We have seen a few situations arise since camps have opened back up where players had to remain away from the ballparks because their results did not come back from their COVID-19 tests with the rest of the team. That happened to the Cincinnati Reds this past week when Trevor Bauer had to stay home because after being tested his results were delayed – an issue that seems to be happening as the MLB testing facility in Utah doesn’t seem to be capable of handling all of the testing from all 30 teams with the turn around time as they had hoped, leading to some teams using other facilities at times for their testing purposes.
With starting pitchers, a delayed testing result is a larger issue than one for a position player. If a position player has a delayed test and isn’t allowed to be with the team for a day, while it’s not the most ideal situation, you can plug someone in. If that happens for that days starting pitcher, a team is left without someone they can realistically fill in as a “starter”. You could go with a bullpen day if needed, and perhaps you’ve got a “long man” who could fill in, but there’s a big drop off from say, Sonny Gray to whoever the “long man” or bullpen day would present – and if you have to go with a bullpen day, that’s going to effect the team moving forward for several days, too.
So what would the Cincinnati Reds do if such a situation came up? Manager David Bell was asked about if that potential problem were a concern and something they have considered.
“It is. The number one concern is keeping everyone healthy. The second part is winning games and winning a championship,” said Bell. “When someone is not available our first concern is hoping they’re healthy and then beyond that, it’s like yeah, we want everyone available to help us win games. So when a starting pitcher falls into that category, it’s something we’ll have to deal with. The good thing now is that it’s not the regular season, and any time that has happened, we’ve been extremely cautious in the way we’ve as a team and organization have gone about it, because we can afford to do that, and it’s our number one priority – to do whatever it takes to stay healthy”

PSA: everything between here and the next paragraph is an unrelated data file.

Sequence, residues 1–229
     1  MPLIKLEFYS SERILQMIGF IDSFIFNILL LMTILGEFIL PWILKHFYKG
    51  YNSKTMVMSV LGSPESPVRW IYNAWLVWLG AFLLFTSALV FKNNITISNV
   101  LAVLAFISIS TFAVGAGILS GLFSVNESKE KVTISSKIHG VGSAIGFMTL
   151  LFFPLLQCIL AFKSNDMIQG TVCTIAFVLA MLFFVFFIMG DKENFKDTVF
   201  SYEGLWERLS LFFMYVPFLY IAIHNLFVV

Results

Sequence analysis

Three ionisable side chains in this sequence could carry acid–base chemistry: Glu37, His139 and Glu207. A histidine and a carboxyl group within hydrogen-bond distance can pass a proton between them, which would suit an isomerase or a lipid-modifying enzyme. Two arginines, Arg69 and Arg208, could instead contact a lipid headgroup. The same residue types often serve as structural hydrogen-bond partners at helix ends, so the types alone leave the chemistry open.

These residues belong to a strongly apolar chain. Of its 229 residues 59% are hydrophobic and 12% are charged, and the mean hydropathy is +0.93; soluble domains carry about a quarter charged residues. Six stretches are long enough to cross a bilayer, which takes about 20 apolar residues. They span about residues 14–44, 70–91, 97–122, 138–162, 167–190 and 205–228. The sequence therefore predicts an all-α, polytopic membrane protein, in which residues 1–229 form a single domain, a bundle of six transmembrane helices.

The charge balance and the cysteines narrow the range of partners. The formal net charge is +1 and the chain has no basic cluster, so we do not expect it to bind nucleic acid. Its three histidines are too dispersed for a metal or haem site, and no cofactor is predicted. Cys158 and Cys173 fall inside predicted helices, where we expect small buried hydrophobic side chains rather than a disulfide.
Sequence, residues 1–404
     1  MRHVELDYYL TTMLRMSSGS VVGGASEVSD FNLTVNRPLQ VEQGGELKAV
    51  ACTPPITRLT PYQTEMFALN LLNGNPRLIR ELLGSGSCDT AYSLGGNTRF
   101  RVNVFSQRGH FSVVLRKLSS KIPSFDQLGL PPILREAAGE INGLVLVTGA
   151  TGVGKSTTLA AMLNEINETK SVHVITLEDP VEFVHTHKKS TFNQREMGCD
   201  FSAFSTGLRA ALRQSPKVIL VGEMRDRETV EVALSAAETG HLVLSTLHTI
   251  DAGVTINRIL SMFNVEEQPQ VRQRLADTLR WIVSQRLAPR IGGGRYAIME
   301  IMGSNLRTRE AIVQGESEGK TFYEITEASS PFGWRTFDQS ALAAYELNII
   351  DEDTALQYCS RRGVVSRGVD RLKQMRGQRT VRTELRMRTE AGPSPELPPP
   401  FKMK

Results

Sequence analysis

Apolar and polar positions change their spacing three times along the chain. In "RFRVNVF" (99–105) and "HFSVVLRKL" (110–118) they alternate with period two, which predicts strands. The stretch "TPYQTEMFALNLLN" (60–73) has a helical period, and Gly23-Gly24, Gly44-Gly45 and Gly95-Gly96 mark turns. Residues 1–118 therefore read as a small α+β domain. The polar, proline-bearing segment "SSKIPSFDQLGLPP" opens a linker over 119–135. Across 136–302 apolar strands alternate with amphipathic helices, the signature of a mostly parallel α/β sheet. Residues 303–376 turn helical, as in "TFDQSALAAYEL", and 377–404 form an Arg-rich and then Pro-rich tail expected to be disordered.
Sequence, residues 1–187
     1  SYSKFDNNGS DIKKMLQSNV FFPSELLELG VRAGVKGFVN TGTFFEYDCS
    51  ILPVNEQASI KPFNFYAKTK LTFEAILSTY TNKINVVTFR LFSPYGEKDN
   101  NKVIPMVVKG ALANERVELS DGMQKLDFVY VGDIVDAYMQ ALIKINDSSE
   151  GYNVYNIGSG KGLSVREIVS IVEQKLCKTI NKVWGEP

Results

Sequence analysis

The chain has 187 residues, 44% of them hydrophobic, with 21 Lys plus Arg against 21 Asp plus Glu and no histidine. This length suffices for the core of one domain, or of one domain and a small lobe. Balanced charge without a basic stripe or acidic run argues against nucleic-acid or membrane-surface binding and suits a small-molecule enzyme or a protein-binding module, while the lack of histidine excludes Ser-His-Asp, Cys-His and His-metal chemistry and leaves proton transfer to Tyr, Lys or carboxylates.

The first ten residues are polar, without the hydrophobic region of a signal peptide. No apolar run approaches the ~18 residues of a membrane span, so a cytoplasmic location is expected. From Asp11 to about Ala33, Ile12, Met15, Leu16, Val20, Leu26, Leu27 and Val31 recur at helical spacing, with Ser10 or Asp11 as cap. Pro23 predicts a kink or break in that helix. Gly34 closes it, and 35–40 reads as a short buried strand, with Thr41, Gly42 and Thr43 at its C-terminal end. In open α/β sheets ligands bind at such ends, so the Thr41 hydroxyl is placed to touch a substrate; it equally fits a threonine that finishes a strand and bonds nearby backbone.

As always, health is the number one priority – as it should be. But the team also understands that this could be a situation that presents itself and they do need to be ready for it if and when it does happen.
“During this process with what does that mean when it’s delayed, what does that mean when it’s pending – our goal is to get a great understanding of what that means and then by the time the season starts to be able to make the best decision for each individual and for our team,” said Bell. “If there’s no added risk, and they’re still delayed or pending then we’ll move forward with having them around the team. As of right now we’re still trying to get a little bit further along in that understanding and a little more clarity and confidence that that’s the case. So in those cases we have been the ones, as an organization, we’ve elected to not have an individual or two at the ballpark because their test have been pending and didn’t come back with the rest of the group.”